Excepting several candidates that feature horizontally opposed cylinders, no current six-pot can claim to trump the charisma of Alfa's raspy, odd-firing, aluminum masterpiece; ditto the ZF transmission blitzing through its ratio changes. Transfer to the Stelvio has not diluted its free-spinning appeal one jot - a distinction that must be part credited to the Q4 system's indulgent and persistent shuffling of the 443lb ft of twist available from 2,500rpm.

For many, if not most, manufacturers of prodigiously fast SUVs, the onus here would be on tenacity and stability, with only lip service paid to the concept of a notable rear bias. Not Alfa. Or not in 'Dynamic' mode at any rate, where even on rain-starved tarmac the Quadrifoglio can be easily coaxed into rotating on its surfeit of power before the front axle (and multiple circuit boards) encourage you straight. The line is fine though; the SUV is less forgiving than the Giulia, and far easier to urge into understeer.

Nevertheless, making the Stelvio throttle adjustable - or as throttle adjustable as propriety allows - gives its handling some undeniably invigorating gloss. Naturally this is less about genuine nuance than it is circumventing the all-wheel-drive inertia that reduces too many of the Quadrifoglio's rivals to on-roads dullards, and frankly we're all for that. In its most gratifying moments, the drivetrain even manages to convince you that the extraordinary potency of the engine and gearbox has been laid on for your enjoyment rather than simply to expedite a journey - which, in the context of the segment, is an unmitigated triumph.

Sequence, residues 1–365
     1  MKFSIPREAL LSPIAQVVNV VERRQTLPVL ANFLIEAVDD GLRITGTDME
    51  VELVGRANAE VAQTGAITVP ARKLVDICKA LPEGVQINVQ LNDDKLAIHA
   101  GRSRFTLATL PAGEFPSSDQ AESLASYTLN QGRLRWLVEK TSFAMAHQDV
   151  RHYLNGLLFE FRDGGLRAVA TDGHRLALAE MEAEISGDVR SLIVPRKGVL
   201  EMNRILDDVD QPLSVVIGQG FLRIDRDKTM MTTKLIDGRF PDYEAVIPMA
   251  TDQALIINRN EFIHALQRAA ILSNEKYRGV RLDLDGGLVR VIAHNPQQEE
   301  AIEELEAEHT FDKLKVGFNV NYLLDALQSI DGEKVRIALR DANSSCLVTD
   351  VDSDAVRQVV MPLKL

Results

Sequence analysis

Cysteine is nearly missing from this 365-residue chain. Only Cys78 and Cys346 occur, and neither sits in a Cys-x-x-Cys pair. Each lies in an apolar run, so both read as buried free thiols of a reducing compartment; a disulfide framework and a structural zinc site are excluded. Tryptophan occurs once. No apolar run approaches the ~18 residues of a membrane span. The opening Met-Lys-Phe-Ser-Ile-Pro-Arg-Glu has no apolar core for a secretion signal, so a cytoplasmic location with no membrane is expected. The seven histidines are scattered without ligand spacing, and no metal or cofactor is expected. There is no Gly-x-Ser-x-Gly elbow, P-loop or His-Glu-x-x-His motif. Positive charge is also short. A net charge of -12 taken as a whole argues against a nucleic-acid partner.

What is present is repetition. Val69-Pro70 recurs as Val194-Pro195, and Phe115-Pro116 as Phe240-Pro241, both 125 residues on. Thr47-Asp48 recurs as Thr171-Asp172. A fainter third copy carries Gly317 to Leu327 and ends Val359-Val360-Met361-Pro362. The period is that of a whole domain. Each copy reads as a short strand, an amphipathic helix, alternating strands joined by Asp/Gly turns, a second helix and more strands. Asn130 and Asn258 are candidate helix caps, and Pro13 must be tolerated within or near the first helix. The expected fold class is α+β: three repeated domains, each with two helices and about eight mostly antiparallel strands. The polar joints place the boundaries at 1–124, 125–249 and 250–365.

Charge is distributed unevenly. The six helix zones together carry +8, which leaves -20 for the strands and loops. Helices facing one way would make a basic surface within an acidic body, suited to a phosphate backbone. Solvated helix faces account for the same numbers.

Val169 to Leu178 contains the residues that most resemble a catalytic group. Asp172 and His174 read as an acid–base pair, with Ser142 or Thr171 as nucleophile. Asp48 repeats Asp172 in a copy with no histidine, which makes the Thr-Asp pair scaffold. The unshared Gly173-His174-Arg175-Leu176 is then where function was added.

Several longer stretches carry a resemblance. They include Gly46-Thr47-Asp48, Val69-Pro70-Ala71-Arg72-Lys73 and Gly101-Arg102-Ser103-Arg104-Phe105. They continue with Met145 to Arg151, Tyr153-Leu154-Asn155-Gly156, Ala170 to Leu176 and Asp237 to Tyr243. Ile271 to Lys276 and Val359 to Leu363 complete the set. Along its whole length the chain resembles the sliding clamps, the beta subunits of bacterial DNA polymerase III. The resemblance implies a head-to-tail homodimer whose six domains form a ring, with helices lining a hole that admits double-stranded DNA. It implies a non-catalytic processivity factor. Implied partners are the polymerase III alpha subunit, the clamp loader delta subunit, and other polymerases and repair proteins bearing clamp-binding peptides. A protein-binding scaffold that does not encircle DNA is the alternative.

Frustratingly though, the car's sporadic displays of deftness do also serve to highlight its innate limitations. For every two corners that captivated, the UAE served up three more where the Stelvio's high-sidedness, or weight, or imperfect body control in some way mitigated its performance, and left you reflecting on what a prospect it would be were it two inches lower and 150kg lighter. Or, to put it another way, how much more fun you'd be having in the cheaper, faster, nimbler Giulia Quadrifoglio.

Consequently it is hard not to end up squarely on the fence; admiring the sterling, thrill-first job done on the most expensive Stelvio, and simultaneously resenting it for not being all it could be were the design parameters kinder. That will stop precisely no-one buying it of course - and nor should it: alongside the much heftier Range Rover Sport SVR, the Quadrifoglio is probably the most interesting SUV to drive enthusiastically. But we'd still have a Giulia every day of the week and twice on Sunday.

Inspired? Buy an Alfa Romeo here


Engine: 2,891cc, twin turbocharged V6
Transmission: eight-speed automatic, all-wheel drive
Power (hp): 510@6,500rpm
Torque (lb ft): 443@2,500rpm
0-62mph: 3.8sec
Top speed: 176mph
Weight: 1,830kg
MPG: 31.4 (NEDC combined)
CO2: 210g/km
Price: Β£67,000 (est)

P.H. O'meter

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Comments (98) Join the discussion on the forum

  • sidesauce 05 Dec 2017

    I really like the look of this, not sure why though...

  • audidoody 05 Dec 2017

    Yours for just £18,500 after three years.

  • Uncle John 05 Dec 2017

    Well done Alfa!

    Fantastic performance for an SUV.

  • givablondabone 05 Dec 2017

    Looks good at around 100k less than the Urus I must say.

  • mikey k 05 Dec 2017

    audidoody said:
    Yours for just £18,500 after three years.
    I like that plan smile